Singapore—An assistant professor of law went into the question whether there can be theft of an item that has been discarded. He examined the issue in connection with the case of the Indonesian domestic helper Parti Liyani who was acquitted of theft last year.
The fallout from the high-profile case included the early retirement of her former employer, Liew Mun Leong, from the chairmanship of Changi Airport Group.
Ms Parti, who was acquitted on appeal on Sept 8 last year, had been charged, among other things, with stealing a discarded DVD player.
In an article for the Singapore Academy of Law Journal, Assistant Professor Benny Tan Zhi Peng of the National University of Singapore’s law school examined a point made by the High Court that when an item has been discarded, there cannot be theft.
Asst Prof Tan seems to think otherwise.
In his article, “Can There Be Theft Of A Discarded Item: Parti Liyani v Public Prosecutor,” Asst Prof Tan wrote that the underlying reasons of the High Court for Ms Parti’s acquittal “may benefit from reconsideration in a future case, as it did not take into account certain important legal nuances.”
He added, “In particular, the court could have considered relevant authorities, both foreign and local, on the law of abandonment by trashing (or discarding). It appears to have been assumed simply that the offence of theft cannot be disclosed in a case where what an offender has taken was a discarded item.”
In relation to this, he cited a number of cases, including a comprehensive survey on the law of abandonment by Associate Professor Saw Cheng Lim from 2011, cited with approval by the apex court in the 2018 case.
He found it a “tad curious” that these cases were not mentioned in the High Court judgment.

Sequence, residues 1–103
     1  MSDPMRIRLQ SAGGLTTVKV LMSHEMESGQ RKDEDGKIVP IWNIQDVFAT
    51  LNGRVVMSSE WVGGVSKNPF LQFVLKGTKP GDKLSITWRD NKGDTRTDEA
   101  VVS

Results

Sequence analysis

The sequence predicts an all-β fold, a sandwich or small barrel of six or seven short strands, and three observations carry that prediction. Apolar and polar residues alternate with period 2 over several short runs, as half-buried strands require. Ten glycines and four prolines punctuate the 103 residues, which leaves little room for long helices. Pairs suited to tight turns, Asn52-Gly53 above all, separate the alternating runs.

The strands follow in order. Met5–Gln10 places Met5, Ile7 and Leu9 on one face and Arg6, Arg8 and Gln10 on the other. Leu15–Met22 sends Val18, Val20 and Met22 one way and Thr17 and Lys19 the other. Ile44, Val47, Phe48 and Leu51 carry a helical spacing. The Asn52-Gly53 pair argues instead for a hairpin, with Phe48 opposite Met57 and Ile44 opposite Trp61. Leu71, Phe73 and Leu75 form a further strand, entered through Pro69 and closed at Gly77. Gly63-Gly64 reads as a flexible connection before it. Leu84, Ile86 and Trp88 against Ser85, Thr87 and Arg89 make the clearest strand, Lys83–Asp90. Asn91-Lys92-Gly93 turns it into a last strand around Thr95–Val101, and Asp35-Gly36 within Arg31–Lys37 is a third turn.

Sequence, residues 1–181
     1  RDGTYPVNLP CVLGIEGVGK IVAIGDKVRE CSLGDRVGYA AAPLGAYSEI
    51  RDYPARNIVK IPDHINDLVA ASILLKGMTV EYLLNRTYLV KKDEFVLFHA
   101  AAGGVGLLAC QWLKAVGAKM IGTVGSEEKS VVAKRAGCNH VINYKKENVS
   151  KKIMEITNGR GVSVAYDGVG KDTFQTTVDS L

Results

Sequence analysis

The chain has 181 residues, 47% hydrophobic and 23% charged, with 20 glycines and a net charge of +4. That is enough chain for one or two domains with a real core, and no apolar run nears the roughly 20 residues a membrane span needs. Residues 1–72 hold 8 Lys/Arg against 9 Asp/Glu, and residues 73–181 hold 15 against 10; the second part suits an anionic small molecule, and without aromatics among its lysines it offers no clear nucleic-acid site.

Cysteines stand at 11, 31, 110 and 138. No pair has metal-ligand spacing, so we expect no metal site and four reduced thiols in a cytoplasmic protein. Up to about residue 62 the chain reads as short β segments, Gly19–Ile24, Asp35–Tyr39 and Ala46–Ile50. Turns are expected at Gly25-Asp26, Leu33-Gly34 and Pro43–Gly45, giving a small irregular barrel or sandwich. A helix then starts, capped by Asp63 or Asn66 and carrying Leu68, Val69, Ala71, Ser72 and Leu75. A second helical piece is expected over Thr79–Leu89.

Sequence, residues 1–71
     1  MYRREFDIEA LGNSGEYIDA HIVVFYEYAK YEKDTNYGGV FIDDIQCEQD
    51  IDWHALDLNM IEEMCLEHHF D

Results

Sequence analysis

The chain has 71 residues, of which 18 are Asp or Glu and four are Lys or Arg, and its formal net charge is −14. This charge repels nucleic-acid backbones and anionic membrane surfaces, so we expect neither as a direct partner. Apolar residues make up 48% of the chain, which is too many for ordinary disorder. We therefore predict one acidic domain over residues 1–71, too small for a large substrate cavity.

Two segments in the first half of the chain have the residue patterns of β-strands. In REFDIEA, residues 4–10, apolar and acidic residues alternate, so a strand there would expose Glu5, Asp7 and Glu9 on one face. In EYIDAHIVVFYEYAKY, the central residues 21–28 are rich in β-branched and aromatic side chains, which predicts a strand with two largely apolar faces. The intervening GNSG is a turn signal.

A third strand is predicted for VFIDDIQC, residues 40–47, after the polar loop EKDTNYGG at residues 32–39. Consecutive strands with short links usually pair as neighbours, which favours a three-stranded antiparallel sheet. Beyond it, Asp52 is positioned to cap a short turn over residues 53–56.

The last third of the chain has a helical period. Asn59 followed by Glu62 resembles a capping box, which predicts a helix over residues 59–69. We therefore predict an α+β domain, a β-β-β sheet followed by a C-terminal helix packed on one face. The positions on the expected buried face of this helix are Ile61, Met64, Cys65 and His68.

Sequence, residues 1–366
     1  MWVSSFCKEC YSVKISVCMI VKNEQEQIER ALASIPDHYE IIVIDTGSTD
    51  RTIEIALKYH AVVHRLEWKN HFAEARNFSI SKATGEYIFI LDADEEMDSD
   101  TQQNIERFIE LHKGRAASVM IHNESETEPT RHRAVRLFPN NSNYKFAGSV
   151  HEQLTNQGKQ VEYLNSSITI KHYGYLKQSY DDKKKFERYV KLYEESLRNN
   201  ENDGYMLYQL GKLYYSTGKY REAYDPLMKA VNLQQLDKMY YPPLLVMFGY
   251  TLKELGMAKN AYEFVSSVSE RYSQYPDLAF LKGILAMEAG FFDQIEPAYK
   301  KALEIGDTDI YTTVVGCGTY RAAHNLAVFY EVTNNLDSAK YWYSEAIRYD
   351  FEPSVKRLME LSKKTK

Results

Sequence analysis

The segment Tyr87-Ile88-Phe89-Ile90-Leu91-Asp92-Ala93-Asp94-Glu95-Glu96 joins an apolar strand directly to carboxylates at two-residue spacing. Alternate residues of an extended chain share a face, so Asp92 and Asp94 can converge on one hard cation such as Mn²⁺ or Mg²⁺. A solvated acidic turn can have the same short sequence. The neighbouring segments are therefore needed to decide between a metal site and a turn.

Asst Prof Tan said that the High Court had concentrated instead on whether or not the DVD player was broken in order to make a finding on whether Mr Liew’s wife as thrown it away.
Less time had been spent on the issue of consent, he added.
The law don said that throwing away something is only one piece of evidence of abandonment. One should also further look into “whether the item’s owner had (subjectively) intended to relinquish the item to the extent of being completely indifferent as to the fate of the discarded item”.
Since Ms Parti claimed Mrs Liew told her to give the player to a junk collector, traditionally in exchange for some small amount, that could prove that Mrs Liew did not plan on completely relinquishing the DVD player.
The law don added that in a conviction for theft, other things need to be considered, such as whether Ms Parti had been dishonest in taking the player and whether or not consent had been given for her to take it.
Not much evidence had been presented that would have been relevant to the issues of dishonesty or lack of consent in Ms Parti’s case.
Asst Prof Tan also pointed out that the prosecution said Mrs Liew had never discarded the DVD player.
However, The Straits Times pointed out the law don’s intent was not to suggest that Ms Parti should have been found guilty of theft by the High Court.
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